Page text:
In other words, we all want things.
Maybe we want them for ourselves, maybe we want them for our loved ones, and maybe we want them for our society, or the entire world.
Whatever it happens to be, we all want something.
And usually, we need other people to help us or cooperate with us in order to get those things.
The question is, how do we get them to help out? How do we get them to stop what they’re doing, care about what we’re describing, and get what you want?
Get What You Want: The Naked Truth
Hardly anyone will help you just for the sake of helping you; there needs to be something in it for them.
This isn’t wrong, and it isn’t unkind, it’s just human nature. Strangers don’t typically help strangers unless there’s a benefit to be had.
That benefit could be an outcome that they desire, information or knowledge they want, or they could have some kind of personal interest in your success.
There are occasional altruistic, kind-hearted exceptions, but for the most part, getting someone to take an action that you want them to take can be a challenge. The thing is, though, that there are many occasions when we need to do it; from shopping, to our social lives, with our families, and with our businesses.
Does this sound a little sleazy to you?
Well, it certainly can be, but it doesn’t have to be, and really, it SHOULDN’T be.
So before I get into the nitty gritty of how to convince people that they want what you want, let’s talk a little bit about how NOT to do it…
Not About Pick-up Artistry or Manipulation
If you got the impression that you have to trick people into thinking that they want what you want, you got it wrong.
This is a common misconception in the world of pick-up artistry – pick up artists help people justify doing things that they feel like, but don’t really want, and will probably regret in the morning.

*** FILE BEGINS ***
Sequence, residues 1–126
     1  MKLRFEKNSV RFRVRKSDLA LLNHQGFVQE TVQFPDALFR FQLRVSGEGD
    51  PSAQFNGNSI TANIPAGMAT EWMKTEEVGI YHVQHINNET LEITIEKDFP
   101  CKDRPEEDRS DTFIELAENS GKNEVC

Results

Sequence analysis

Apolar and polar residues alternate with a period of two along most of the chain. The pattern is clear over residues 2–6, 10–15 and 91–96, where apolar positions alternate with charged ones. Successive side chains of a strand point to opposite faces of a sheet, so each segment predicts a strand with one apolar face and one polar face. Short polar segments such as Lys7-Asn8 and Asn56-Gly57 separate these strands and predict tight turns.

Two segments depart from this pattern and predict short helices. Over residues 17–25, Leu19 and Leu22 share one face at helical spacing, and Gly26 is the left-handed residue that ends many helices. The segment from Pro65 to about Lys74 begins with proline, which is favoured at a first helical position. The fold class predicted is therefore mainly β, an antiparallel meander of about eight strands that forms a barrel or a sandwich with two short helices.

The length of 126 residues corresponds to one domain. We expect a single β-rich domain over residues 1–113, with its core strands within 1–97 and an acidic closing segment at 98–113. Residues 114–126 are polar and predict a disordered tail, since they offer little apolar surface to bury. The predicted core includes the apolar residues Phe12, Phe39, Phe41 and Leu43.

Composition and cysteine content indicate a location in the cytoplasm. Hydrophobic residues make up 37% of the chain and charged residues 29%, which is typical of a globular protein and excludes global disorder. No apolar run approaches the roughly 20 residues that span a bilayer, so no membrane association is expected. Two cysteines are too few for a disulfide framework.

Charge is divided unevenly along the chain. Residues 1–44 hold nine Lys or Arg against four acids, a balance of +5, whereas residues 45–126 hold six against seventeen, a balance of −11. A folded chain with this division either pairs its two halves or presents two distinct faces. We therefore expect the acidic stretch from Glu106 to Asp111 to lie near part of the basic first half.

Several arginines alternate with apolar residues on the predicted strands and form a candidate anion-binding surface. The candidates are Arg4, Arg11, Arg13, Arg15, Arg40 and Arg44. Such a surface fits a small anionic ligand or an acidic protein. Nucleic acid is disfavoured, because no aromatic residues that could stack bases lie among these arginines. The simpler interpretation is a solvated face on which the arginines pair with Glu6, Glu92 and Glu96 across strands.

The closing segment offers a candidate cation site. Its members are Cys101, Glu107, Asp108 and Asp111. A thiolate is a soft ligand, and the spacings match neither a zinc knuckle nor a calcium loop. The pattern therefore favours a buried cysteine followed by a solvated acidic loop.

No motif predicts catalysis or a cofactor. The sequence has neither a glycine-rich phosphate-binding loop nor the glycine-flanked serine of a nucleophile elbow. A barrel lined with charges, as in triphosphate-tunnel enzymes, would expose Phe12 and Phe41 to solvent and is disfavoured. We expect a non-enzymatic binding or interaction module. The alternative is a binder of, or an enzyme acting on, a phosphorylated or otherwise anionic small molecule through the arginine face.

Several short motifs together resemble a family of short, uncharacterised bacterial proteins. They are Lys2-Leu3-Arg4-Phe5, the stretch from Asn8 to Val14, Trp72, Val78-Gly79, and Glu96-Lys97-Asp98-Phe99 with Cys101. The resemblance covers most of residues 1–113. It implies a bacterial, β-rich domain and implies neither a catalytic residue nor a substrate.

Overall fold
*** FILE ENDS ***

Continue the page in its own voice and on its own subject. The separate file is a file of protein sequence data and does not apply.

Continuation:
This is completely unsustainable in the context of any serious relationship. We’ve all that that friend who always had their hand out – for your time, your advice, even your money, and never returned the favor, or even made any pretense of doing so! It may take a while, but sooner or later you’re going to cut that friend loose!
You’ve had that experience, haven’t you? Maybe not just with a friend, but in another context?
We’ll use the example of a purchase (to avoid dredging up last Thanksgiving’s family theater!):
Think about a time when you hemmed and hawed and finally bought something, maybe against your better judgment, and then learned that it was really, really a mistake. When you went to the snake-oil salesman who convinced you to buy in the first place – they barely took the time to listen to you.
Did you feel alienated? Angry? Disgusted? Hurt?
The same feelings crop up, albeit sometimes more slowly and under the radar in less formal relationships; maybe the Homer Simpson-esque neighbor who forever borrows your lawn mower, but lets his dog do its business on your front yard. Someone who uses and takes advantage of the people in their lives is a swindler, the same way the snake-oil salesman and the pick-up artist are.
No one wants to help a swindler, and you’ll find yourself going it alone sooner than you’d imagine if you manipulate and abuse people.
All About Seduction and Persuasion
Seduction and persuasion are a dance – they happen when two people arrive together at a common goal.
If you want to seduce and persuade, you have to understand why something is good for you, but also why it’s good for them.